This movie is not about Amelia’s life. It’s about a nine year span that lead from the first woman to sit on a plane flying across the Atlantic to a woman who was piloting a plane while trying to circumnavigate the globe.  Yeeesh ....

There are aspects about Amelia’s early life that are very interesting to ponder, and they follow a trend most surely. For example, Amelia did not grow up in a normal home with mother and father. She was sent to live with her grandmother, then on to finishing school. Dad was an alcoholic and that unsettled Amelia’s world on many levels. The same kind of thing was true for the other strong ladies I wrote about earlier in
There’s No Crying in Baseball. Dottie (Dorothy Kamenshek) went off to play baseball at 17 years old. I can’t find any information about her childhood or family relations, but how many 17 year old girls would have been allowed to go alone to Wriggley’s Field to play baseball during WWII? And then there’s Donna Hillman-Walsh, who grew-up the daughter of a Hollywood starlet and was sent away to finishing school at 14, then headed out to New York to learn how to race thoroughbreds. Research either of these ladies and you’ll find very little information about early family life and relationships. Truth be told, all these girls were extremely independent tomboys who’s goal in life was to be the very best that they could be, doing what only men were allowed to do. All were highly motivated, and all were very good. I would be interested in watching a film or documentary about this sort of stuff. But not in a film about a nine year span that lead to Amelia’s final flight. For now, let us focus on this movie and understand that Amelia was generally happy to be flying. Ok. What’s wrong with that?

•  Amelia is a by-the-book bio-pic. By following the template, it's as safe and straightforward as one could possibly get, without narrative flourishes and with minimal exaggeration to satisfy Hollywood's appetite for fictionalization. Reel Views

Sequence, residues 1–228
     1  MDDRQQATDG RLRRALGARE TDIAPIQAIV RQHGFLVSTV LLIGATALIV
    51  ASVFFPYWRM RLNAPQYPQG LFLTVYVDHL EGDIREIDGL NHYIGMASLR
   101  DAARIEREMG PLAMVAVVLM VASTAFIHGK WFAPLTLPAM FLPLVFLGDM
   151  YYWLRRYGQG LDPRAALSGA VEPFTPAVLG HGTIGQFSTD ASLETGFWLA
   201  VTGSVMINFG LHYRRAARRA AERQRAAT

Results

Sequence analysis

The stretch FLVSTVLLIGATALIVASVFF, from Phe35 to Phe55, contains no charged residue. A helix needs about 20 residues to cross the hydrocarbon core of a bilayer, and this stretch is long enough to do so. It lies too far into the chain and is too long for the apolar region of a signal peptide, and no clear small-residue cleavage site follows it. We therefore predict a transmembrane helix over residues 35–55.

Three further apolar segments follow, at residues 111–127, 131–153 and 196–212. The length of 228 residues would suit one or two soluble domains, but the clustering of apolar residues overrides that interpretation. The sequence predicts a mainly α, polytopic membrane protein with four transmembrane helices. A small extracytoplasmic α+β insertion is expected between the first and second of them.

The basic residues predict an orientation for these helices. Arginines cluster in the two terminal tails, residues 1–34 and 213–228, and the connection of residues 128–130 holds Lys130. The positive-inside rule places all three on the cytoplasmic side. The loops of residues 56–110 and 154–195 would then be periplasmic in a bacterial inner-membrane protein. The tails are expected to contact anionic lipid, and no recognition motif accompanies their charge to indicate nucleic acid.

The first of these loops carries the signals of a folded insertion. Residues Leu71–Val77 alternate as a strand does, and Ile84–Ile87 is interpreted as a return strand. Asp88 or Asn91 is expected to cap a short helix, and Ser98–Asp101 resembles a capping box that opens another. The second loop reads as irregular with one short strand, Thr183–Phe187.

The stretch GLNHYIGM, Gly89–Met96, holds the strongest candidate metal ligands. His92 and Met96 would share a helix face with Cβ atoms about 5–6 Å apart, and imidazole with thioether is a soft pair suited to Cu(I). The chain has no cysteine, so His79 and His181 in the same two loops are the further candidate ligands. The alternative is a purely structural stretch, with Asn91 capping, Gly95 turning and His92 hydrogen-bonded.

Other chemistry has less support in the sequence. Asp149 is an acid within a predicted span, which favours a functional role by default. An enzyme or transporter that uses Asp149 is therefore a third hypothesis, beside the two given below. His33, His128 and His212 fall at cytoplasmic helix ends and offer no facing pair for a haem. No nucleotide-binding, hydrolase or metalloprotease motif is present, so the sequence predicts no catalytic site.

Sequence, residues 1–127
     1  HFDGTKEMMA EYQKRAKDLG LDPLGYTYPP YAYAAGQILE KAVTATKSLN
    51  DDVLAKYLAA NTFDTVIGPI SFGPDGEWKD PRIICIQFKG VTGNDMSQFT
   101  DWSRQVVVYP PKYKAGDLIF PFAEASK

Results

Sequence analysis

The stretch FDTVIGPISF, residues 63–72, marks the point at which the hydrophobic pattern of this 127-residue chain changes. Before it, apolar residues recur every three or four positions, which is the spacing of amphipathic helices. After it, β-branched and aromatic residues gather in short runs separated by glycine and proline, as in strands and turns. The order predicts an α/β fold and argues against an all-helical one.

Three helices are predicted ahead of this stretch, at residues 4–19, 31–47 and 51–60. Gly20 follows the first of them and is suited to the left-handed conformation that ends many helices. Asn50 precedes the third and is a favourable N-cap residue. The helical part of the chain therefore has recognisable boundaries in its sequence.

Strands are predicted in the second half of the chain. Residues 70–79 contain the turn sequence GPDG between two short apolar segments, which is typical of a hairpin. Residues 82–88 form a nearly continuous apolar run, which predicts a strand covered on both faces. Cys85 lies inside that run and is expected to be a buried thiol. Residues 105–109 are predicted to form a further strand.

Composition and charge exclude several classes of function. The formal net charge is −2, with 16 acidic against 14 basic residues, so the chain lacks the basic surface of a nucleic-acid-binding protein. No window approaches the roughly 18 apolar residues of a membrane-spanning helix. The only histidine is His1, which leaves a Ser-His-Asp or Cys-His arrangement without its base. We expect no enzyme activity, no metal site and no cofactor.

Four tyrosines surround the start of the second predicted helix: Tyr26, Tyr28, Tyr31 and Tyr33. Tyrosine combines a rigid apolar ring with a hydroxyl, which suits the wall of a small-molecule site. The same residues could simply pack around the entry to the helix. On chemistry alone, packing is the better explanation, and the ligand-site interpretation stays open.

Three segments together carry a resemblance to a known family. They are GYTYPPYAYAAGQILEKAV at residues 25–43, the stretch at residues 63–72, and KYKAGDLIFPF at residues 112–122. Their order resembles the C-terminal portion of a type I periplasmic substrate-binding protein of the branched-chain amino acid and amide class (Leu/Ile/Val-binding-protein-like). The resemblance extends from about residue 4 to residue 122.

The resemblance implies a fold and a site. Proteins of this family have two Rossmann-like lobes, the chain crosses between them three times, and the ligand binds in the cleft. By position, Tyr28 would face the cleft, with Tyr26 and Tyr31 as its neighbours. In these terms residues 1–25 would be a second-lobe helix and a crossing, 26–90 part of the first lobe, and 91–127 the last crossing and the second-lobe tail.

•  When it comes to some of the wild speculation that has arisen over the years about what happened to Earhart during that final flight, the movie doesn't even go out on a limb, opting instead for the sort of vague, open ending that, is historically safe and cinematically dull. The Washington Post:
It is true, this movie does not dare to try to answer what happened at the end. Amelia simply flies away. This movie is true on fact and as such, how could it speculate an ending?

•  ... old-fashioned, star-powered bio-mush Variety:

•  ... an object lesson in the follies of the conventional biopic, which puts mindless recapitulation of historical data above analysis or insight.  A.V. Club:
Did this critic just say that opinion should rise above historical data? I say, save the imagination for fantasy scripts. A film like Amelia should be held to standards of accuracy just in case some young person who knows nothing about Amelia sees it! Entertainment can teach and there’s nothing wrong with that. In fact, wouldn't we be prudent if more films aimed to educate?

I could go on and on with these reviews, but you get the point. How about we simply consider the film without the disappointed critics’ ramblings about what they wish it had been. True, anyone who ever researched Amelia knows the story going in, and comes away with no new information. The tale is what it is, why expect more? If you can’t handle that sort of thing don’t bother watching this movie. You would miss a beautiful film if you opted out, though, and just seeing the old-time news reels morph into modern day, full colour actors is a truly sweet effect.

Hilary Swank does a marvelous job becoming Amelia, though at times I could swear I heard Katherine Hepburn dialoging in aviator costume. As a girl I had a vision in my head that was Amelia and Swank nailed it for me; her big goofy grin, the confident swagger, the midwestern speech-halting accent, the kind of shy yet public figure, the in-love with her man though not publicly showing it woman.

In truth, there was only one person cast in this film that I wish had been just about anyone else. Whenever I see Richard Gere (he plays Putnam) in a film I see only Richard Gere, never the character he’s trying to play. The sets, costume, and filming technique all took me back to another time and I loved that. Richard Gere would rip me right back to my time and I hated that. George Putnam was a ground breaking fellow who, with Amelia, presented the very first public relation/image building situation and made her a star. He had a certain charisma and style. Richard Gere is frumpy (I thought so back when I first saw him in American Gigolo, I’m just sayin’). And, not even considering his acting, the guy is just too old for this one and does not look good in 1930s costume. Still, even with that, I like this film very much and would recommend it to anyone who wants to know about, or simply remember, Amelia.